Eco-tourism

Eco-tourism is not only good for the planet; it’s also ed­u­ca­tional and a lot of fun too. So what are you wait­ing for?

Your Guide to the Caribbean - - Contents -

Tur­tle watch, Bar­ba­dos and Tobago

For a once-in-a-life­time ex­pe­ri­ence, join a con­ser­va­tion project in Tobago or Bar­ba­dos and help en­sure the sur­vival of this en­dan­gered species. The Bar­ba­dos Sea Tur­tle Project, founded over 25 years ago (bar­ba­dossea­tur­tles.org), re­cruits lo­cal and in­ter­na­tional vol­un­teers be­tween Novem­ber and May to col­lect sci­en­tific data, and as­sist with sea tur­tle res­cues. They have a 24-hour ‘sea tur­tle hot­line’, and the train­ing in­cludes in­ter­act­ing with nest­ing fe­males – there are around 500 in Bar­ba­dos – with­out dis­turb­ing them, and safely re­lo­cat­ing a nest.

Amerindian Eco-lodge, Guyana

Stay in a sim­ple eco-lodge with vil­lage res­i­dents and ex­pe­ri­ence, at first-hand, a way of life that has re­mained un­changed for cen­turies. Sev­eral Amerindian com­mu­ni­ties run their own eco-lodges, where you can en­joy food and tours pre­pared by vil­lagers. The Su­rama Ecolodge (sura­mae­colodge.com), lo­cated in the heart of Guyana, takes guests on a dawn hike through the sa­van­nah and rain­for­est to the Burro-burro river. Jump­ing into a ca­noe, your guide will pad­dle you along the river in search of gi­ant river ot­ters, tapir and spi­der mon­keys.

Rhythm & Spice, Belize

Learn Gar­i­funa drum­ming, danc­ing and drum-mak­ing at the thatched Warasa Gar­i­funa Drum school in Punta Gorda (warasadrum­school.com), in the com­pany of para­keets and howler mon­keys. The full-day and half-day cour­ses are suit­able for all ages, even those with no rhythm or two left feet. Tra­di­tional ‘hudut’ cook­ing lessons and lunch are also avail­able, so you can sam­ple the tra­di­tional de­lights of Fufu (mashed plan­tain) and co­conut fish stew at first hand. There’s more drum­ming and cook­ing at the Belize Spice Farm (be­lize­spice­farm.com).

Farm to ta­ble

Sev­eral is­lands of­fer a farm-to-ta­ble ex­pe­ri­ence with an em­pha­sis firmly on lo­cal and sus­tain­ably ob­tained pro­duce. In St Kitts, the Kitchen at Belle Mont Farm (belle­mont­farm.com) uses only the fresh­est and sea­sonal in­gre­di­ents grown on its ex­ten­sive farms – guests are en­cour­aged to for­age for their own din­ner. On the same is­land, Ital Cre­ations at Fari Or­ganic Farm com­bines ‘clean eat­ing’ veg­e­tar­i­an­ism and yoga. On Gre­nada, Mount Cin­na­mon’s cui­sine fea­tures a mix of In­dian and Caribbean tra­di­tions with freshly-grown vegeta­bles from its own gar­dens and from nearby plan­ta­tions.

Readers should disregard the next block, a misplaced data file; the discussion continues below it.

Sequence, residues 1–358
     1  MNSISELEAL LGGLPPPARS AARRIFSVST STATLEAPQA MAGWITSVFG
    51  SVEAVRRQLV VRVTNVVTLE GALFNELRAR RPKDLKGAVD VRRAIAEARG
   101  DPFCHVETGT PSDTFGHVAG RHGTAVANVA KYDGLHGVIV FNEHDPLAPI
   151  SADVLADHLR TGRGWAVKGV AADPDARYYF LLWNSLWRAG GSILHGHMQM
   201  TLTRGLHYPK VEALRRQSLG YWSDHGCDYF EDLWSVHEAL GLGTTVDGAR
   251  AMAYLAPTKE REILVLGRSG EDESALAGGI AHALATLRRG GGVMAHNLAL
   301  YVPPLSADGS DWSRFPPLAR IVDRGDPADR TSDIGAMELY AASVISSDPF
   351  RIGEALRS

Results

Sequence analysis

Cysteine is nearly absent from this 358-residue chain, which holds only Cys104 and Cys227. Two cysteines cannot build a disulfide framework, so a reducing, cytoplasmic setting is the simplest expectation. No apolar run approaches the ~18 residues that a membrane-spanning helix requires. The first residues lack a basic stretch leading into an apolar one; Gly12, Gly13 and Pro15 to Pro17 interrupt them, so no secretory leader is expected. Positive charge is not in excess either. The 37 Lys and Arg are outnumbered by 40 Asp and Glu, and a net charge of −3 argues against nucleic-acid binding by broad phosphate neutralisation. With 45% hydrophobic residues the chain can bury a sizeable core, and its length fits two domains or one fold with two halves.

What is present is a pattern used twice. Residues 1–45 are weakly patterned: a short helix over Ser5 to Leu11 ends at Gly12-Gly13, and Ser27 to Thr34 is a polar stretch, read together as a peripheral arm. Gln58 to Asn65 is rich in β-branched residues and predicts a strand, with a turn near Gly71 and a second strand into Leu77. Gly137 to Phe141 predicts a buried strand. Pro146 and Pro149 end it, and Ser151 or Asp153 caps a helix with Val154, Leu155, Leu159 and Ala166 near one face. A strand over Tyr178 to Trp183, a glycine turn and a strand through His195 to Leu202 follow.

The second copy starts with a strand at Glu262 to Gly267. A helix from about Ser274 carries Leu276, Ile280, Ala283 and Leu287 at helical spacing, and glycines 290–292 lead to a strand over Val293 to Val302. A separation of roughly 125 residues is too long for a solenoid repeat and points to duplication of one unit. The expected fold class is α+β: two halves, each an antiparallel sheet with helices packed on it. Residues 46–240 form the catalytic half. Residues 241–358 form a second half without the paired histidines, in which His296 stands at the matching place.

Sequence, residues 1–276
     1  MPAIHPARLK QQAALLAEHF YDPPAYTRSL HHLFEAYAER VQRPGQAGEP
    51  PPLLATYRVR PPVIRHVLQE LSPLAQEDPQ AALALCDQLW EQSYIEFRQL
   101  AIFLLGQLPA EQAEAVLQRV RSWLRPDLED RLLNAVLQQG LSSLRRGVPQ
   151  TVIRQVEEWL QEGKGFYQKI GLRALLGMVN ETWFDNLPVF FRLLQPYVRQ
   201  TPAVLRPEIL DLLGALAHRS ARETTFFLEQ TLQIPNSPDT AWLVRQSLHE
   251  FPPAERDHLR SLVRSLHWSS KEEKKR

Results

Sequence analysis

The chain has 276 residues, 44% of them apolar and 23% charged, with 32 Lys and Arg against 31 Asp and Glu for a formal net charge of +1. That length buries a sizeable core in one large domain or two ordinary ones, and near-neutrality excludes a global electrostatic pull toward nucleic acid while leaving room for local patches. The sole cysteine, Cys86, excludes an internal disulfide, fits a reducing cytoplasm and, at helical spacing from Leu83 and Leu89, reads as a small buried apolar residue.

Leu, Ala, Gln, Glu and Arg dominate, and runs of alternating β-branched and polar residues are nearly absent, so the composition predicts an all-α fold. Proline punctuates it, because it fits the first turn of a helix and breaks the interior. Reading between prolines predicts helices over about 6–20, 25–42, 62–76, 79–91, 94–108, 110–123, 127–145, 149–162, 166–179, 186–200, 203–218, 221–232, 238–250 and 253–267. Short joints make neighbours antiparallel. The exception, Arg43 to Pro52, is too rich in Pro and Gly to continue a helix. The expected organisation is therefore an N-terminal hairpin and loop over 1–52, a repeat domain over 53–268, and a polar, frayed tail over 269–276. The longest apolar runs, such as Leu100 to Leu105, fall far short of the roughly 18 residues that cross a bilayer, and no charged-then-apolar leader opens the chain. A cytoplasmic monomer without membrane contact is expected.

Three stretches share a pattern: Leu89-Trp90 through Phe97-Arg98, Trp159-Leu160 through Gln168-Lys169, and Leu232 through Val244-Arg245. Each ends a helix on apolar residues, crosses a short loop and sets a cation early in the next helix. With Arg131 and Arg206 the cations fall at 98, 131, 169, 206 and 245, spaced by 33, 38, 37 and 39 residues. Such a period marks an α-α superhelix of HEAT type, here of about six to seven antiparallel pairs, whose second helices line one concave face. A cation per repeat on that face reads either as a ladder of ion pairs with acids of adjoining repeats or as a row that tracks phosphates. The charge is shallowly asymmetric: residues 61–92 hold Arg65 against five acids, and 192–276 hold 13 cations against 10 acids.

Wynne Farm, Haiti

It’s all about en­vi­ron­men­tal preser­va­tion and ed­u­ca­tion at this na­ture re­serve and agro-for­est in the moun­tains of Ken­scoff (wyn­ne­farm.org). As well as talks on de­for­esta­tion and soil ero­sion in Haiti, vis­i­tors are in­tro­duced to eco­log­i­cal farm­ing, com­post­ing, flower pro­duc­tion, wa­ter ir­ri­ga­tion and bee keep­ing. They can also learn how to re­cy­cle plas­tics and make brack­ets from waste pa­per. The kids will love it too, as there is an an­i­mal sanc­tu­ary of rab­bits, goats, horses, dogs and a don­key, which they can touch and in­ter­act with – plus horse­back rides too.

Keep­ing it nat­u­ral in Do­minica

Do­minica’s abun­dantly rich nat­u­ral habi­tats and wildlife make the is­land an ideal des­ti­na­tion for eco-con­scious trav­ellers and vol­un­tourism projects are an op­tion here, too, to help re­build­ing ef­forts in the wake of Hur­ri­cane Maria. Va­ca­tion­ers can sched­ule guided tours, hik­ing ex­cur­sions, and moun­tain-bik­ing ad­ven­tures in the Na­tional Parks. One of the is­land’s most ac­ces­si­ble nat­u­ral sites is Trafal­gar Falls. You can view the twin falls from a plat­form or hike 200 feet un­der the cas­cad­ing wa­ters. In­ac­tive vol­canic moun­tain ranges are also lo­cated on the is­land and can pro­vide many ex­cit­ing ex­cur­sions.

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